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Date: Sat, 11 Apr 2020 03:10:48 +0300
From: Alexander Popov <>
To: Jann Horn <>
Cc: Julia Lawall <>, Gilles Muller
 <>, Nicolas Palix <>,
 Michal Marek <>,,
 "" <>,
 Kees Cook <>, Hans Verkuil <>,
 Mauro Carvalho Chehab <>,
 Linux Media Mailing List <>,
 LKML <>, Markus Elfring <>
Subject: Re: Coccinelle rule for CVE-2019-18683

On 09.04.2020 22:41, Alexander Popov wrote:
> On 09.04.2020 01:26, Jann Horn wrote:
>> On Thu, Apr 9, 2020 at 12:01 AM Alexander Popov <> wrote:
>>> CVE-2019-18683 refers to three similar vulnerabilities caused by the same
>>> incorrect approach to locking that is used in vivid_stop_generating_vid_cap(),
>>> vivid_stop_generating_vid_out(), and sdr_cap_stop_streaming().
>>> For fixes please see the commit 6dcd5d7a7a29c1e4 (media: vivid: Fix wrong
>>> locking that causes race conditions on streaming stop).
>>> These three functions are called during streaming stopping with vivid_dev.mutex
>>> locked. And they all do the same mistake while stopping their kthreads, which
>>> need to lock this mutex as well. See the example from
>>> vivid_stop_generating_vid_cap():
>>>     /* shutdown control thread */
>>>     vivid_grab_controls(dev, false);
>>>     mutex_unlock(&dev->mutex);
>>>     kthread_stop(dev->kthread_vid_cap);
>>>     dev->kthread_vid_cap = NULL;
>>>     mutex_lock(&dev->mutex);
>>> But when this mutex is unlocked, another vb2_fop_read() can lock it instead of
>>> the kthread and manipulate the buffer queue. That causes use-after-free.
>>> I created a Coccinelle rule that detects mutex_unlock+kthread_stop+mutex_lock
>>> within one function.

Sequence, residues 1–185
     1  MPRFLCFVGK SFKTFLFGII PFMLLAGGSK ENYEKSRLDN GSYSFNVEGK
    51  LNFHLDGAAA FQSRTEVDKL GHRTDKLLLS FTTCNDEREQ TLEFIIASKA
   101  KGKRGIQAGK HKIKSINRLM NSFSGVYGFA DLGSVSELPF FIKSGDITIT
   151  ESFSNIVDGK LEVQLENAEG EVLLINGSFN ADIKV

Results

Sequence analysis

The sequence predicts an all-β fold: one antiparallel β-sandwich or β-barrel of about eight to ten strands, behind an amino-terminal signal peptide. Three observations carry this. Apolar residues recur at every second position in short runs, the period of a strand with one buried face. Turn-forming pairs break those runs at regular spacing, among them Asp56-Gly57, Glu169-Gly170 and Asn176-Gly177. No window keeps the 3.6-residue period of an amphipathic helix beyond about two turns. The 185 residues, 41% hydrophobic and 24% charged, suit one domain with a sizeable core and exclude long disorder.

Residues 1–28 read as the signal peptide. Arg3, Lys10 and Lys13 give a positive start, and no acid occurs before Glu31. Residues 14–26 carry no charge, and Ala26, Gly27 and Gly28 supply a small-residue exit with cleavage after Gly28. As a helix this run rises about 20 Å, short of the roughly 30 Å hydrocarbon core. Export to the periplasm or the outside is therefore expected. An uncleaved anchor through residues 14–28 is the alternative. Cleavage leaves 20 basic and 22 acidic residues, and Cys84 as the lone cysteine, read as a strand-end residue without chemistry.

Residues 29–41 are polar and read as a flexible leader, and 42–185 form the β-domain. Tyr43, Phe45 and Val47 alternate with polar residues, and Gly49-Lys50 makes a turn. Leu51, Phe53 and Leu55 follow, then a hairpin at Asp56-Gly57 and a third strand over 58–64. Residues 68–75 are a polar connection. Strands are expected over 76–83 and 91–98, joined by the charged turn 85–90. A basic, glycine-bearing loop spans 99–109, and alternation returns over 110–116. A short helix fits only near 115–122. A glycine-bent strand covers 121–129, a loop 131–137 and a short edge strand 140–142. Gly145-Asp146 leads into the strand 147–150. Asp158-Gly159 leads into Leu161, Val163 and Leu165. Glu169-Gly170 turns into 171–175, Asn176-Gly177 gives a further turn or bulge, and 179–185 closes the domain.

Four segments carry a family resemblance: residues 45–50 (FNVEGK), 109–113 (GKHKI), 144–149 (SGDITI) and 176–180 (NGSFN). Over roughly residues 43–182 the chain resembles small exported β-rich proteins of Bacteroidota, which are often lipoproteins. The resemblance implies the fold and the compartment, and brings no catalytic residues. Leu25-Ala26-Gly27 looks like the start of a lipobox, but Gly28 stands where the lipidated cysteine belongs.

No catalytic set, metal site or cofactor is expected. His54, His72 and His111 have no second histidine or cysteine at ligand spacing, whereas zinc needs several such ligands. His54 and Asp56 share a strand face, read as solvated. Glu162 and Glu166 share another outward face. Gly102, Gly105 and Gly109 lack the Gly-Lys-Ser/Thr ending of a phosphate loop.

>> [...]
>>> mutex_unlock@...ock_p(E)
>>> ...
>>> kthread_stop@...p_p(...)
>>> ...
>>> mutex_lock@...k_p(E)
>> Is the kthread_stop() really special here? It seems to me like it's
>> pretty much just a normal instance of the "temporarily dropping a
>> lock" pattern - which does tend to go wrong quite often, but can also
>> be correct.
> Right, searching without kthread_stop() gives more cases.
>> I think it would be interesting though to have a list of places that
>> drop and then re-acquire a mutex/spinlock/... that was not originally
>> acquired in the same block of code (but was instead originally
>> acquired in an outer block, or by a parent function, or something like
>> that). So things like this:

The following rule reported 146 matching cases, which might be interesting.

virtual report
virtual context

@race exists@
expression E;
position unlock_p;
position lock_p;

... when != mutex_lock(E)
* mutex_unlock@...ock_p(E)
... when != schedule()
    when != schedule_timeout(...)
    when != cond_resched()
    when != wait_event(...)
    when != wait_event_timeout(...)
    when != wait_event_interruptible_timeout(...)
    when != wait_event_interruptible(...)
    when != msleep()
    when != msleep_interruptible(...)
* mutex_lock@...k_p(E)

unlock_p << race.unlock_p;
lock_p << race.lock_p;
E << race.E;
@@[0], 'see mutex_unlock(' + E + ') here')[0], 'see mutex_lock(' + E + ') here\n')

Analysing each matching case would take a lot of time.

However, I'm focused on searching kernel security issues.
So I will filter out the code that:
 - is not enabled in popular kernel configurations,
 - doesn't create additional attack surface.
Then I'll take the time to analyse the rest of reported cases.

I'll inform you if I find any bug.

Best regards,

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